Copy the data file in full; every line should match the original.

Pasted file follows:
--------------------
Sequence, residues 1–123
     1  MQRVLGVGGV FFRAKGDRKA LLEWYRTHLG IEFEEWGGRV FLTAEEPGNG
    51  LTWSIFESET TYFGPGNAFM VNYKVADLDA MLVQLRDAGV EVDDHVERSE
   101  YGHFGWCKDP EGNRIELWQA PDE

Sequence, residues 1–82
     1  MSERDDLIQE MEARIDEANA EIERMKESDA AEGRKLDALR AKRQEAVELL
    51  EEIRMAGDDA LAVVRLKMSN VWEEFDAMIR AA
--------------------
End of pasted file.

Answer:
Sequence, residues 1–123
     1  MQRVLGVGGV FFRAKGDRKA LLEWYRTHLG IEFEEWGGRV FLTAEEPGNG
    51  LTWSIFESET TYFGPGNAFM VNYKVADLDA MLVQLRDAGV EVDDHVERSE
   101  YGHFGWCKDP EGNRIELWQA PDE

Sequence, residues 1–82
     1  MSERDDLIQE MEARIDEANA EIERMKESDA AEGRKLDALR AKRQEAVELL
    51  EEIRMAGDDA LAVVRLKMSN VWEEFDAMIR AA